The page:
Never be a Jack of All Trades; be a Master of One. What makes a great student? We know it’s more than grades; it’s also extracurriculars (among a host of other attributes). I was that student in high school who wanted to be involved in everything: sports, theater, student government, etc. I thought that doing well in these endeavours was enough to land me a spot in an ivy league school. It wasn’t. Truth be told, I may have done well in these activities, but all I really needed was to be the best at one of them. In college, I took a different approach by involving myself in fewer extracurriculars. There were three things to which I wanted to dedicate my time: the newspaper, my Russian studies and mock trial. Though — like for many anxious overachievers — the idea that I could be doing more loomed, I no longer wanted to be a member of every club; I wanted to be the president of one. Diverting all of my energy into these areas enabled me to excel in these endeavours. I wrote consistently for the paper my freshman year, took over the commentary section sophomore year, assumed the managing editor role my junior year and finally became the editor-in-chief my senior year. The time and dedication that the editors and I have put into the Collegian has brought us a great deal of opportunities, new connections and pride. When I immersed myself in my Russian studies, I ultimately earned a State Department scholarship which landed me in Russia for a summer. For these reasons, people associate me with the paper and with Russia, and I have assumed that identity for my own professional development. An important piece of advice I would have for freshmen is to make a name for yourself in one big way: be the student who does one thing and does it exceptionally well.

Quit things. Of course, in order to have a niche, one must find it. This will require a great deal of trial and error. If you would believe it, I was once a D1 athlete (well, for a couple months) in my college days. My freshman year, when I saw that the rowing team was recruiting members, I walked onto the team bright-eyed and bushy-tailed. The 5 a.m. practices and hours on the erg machines were a valiant challenge at first, but it was not long until I was so exhausted from my morning practices that I would skip classes later in the day. I was drained emotionally and physically from the commitment of being an athlete, but I was reluctant to quit because I thought it made me a weak person. Nonetheless, a tragic event in the university community brought me to my senses. I put aside my ego and ultimately abandoned the D1 lifestyle. Not everyone was supportive. An assistant coach at the time even texted me to tell me that “people were right about me.” That’s the thing, though; many people fear quitting because of what others will think about them. What is more valuable to you: your time, energy and sanity or the opinion of others? I chose the former every time. Never feel stuck in a college activity. At the end of the day, it’s a college activity. One of the thrills of adulthood is the freedom to choose one’s own path. If your current path is not serving you, ditch it.

Be your own advocate. Many barriers which seem to exist between students and professors and between students and the University are not actually there. Coming into college, we think that, if we get a bad grade on an assignment, we get a bad grade. We think that, if the University bills us a fee, we pay the fee. What they don’t want you to know (well at least one of those groups) is that there are nuances in this little system of ours and that, in order to get what we want from our college experience, we need to find the loopholes. We must be our own advocates. Grades and deadlines are not as final as one may think. The biggest tool one has in succeeding in college is using his voice. Communicate with your professor. So many times have I reached out to my professors to explain why my life situation may be affecting my coursework at that time. Almost every time the professor has been understanding in those situations. In other situations, I email the professor before the semester even starts: “Look, I want to give my best effort in this class, but this semester, I am working full-time and may not be able to give my 100 percent every class.” I have also said things like, “I will be applying to law school in the future and I want my transcript to be competitive. What are some things I can do to achieve an A in this course?” It speaks to one’s character and seriousness as a student to be able to communicate openly about their needs and capabilities. Keep it real with your professors, and they will return the respect. The University too is more accessible than people think. Sending an email or making a call to voice one’s concerns goes longer than a student may think. Many times, he will be able to get out of that one parking ticket or avoid that late fee by simply leveling with another human. Speak up for yourself and don’t be afraid to give some pushback. After all, you are the consumer.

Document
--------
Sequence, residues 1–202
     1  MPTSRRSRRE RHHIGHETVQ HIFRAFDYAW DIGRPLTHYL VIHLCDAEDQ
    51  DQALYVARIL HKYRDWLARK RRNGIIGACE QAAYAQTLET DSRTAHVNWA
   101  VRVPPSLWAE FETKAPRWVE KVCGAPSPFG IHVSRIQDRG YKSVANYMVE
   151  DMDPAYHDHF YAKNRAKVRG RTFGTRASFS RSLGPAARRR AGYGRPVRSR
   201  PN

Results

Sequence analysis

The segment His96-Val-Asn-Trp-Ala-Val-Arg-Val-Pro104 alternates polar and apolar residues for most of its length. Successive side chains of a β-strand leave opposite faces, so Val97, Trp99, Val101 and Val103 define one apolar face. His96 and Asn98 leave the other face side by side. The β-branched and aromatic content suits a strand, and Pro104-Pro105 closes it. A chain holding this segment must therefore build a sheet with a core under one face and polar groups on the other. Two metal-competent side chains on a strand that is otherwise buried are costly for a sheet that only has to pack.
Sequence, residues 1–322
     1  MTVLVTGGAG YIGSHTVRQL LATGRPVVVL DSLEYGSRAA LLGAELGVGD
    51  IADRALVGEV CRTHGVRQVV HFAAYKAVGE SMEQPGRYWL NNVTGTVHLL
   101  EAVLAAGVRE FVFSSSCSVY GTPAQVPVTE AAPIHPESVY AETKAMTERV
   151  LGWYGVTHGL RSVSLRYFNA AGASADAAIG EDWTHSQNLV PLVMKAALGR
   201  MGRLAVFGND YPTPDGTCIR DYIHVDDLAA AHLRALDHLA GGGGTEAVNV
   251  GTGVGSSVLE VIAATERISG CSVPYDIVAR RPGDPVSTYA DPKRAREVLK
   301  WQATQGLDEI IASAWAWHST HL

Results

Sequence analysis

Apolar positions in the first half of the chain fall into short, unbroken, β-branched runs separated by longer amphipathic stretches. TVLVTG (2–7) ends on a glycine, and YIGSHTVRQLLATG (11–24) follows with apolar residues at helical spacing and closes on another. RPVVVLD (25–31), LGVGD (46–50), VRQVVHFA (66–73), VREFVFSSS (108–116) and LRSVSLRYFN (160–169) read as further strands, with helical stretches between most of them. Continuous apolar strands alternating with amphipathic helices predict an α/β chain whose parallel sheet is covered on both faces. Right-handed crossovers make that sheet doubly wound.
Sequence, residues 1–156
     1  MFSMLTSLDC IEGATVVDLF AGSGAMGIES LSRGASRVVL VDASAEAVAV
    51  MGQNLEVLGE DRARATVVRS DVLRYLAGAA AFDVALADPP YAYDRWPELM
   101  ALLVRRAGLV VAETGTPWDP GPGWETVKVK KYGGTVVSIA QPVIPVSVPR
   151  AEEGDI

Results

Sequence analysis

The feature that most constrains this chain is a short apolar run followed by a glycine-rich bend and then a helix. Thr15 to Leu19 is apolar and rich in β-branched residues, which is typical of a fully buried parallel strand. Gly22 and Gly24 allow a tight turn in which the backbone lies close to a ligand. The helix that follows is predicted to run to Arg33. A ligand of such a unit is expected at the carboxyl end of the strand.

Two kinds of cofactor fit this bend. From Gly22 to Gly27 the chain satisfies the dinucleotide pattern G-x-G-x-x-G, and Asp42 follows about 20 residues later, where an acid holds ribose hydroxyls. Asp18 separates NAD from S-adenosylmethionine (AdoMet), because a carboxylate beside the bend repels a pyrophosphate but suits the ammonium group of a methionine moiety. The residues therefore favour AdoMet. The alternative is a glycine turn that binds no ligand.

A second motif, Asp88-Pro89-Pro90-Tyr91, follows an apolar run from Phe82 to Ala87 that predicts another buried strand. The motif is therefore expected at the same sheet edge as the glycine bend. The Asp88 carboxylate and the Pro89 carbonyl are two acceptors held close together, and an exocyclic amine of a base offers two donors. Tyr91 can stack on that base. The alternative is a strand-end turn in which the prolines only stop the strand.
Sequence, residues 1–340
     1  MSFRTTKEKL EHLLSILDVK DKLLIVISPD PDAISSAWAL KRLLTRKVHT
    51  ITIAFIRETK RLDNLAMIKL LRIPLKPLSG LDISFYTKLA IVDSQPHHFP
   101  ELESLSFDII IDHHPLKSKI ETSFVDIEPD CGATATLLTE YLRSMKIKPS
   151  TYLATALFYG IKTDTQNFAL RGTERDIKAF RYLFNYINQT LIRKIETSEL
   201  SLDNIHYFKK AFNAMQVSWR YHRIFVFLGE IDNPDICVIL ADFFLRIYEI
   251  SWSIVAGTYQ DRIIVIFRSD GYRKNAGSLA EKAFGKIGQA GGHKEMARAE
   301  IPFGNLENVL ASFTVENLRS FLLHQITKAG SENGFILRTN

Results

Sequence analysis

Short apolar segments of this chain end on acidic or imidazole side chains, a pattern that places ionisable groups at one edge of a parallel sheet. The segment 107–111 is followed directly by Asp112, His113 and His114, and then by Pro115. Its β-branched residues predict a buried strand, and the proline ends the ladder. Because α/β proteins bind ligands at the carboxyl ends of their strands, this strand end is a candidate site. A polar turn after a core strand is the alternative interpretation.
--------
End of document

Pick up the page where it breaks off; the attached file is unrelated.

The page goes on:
Your college years will flash before your very eyes. Everyone will tell you that. Not everyone will tell you that it takes a bit of finesse and grit to actually be successful in that short amount of time. The aforementioned pieces of advice have served me well in my time on Broad and Olney, and yet there are a million more tidbits I could share. Put yourself out there. Be unconventional. Make a name for yourself. When you leave, do your alma mater proud. But most importantly, write for your favorite student publication, the Collegian.